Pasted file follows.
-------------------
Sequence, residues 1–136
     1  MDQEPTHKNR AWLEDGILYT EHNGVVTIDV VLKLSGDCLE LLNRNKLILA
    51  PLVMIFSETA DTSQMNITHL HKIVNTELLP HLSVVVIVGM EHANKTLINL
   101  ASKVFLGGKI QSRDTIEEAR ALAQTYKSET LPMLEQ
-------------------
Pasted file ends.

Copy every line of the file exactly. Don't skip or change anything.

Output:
Sequence, residues 1–136
     1  MDQEPTHKNR AWLEDGILYT EHNGVVTIDV VLKLSGDCLE LLNRNKLILA
    51  PLVMIFSETA DTSQMNITHL HKIVNTELLP HLSVVVIVGM EHANKTLINL
   101  ASKVFLGGKI QSRDTIEEAR ALAQTYKSET LPMLEQ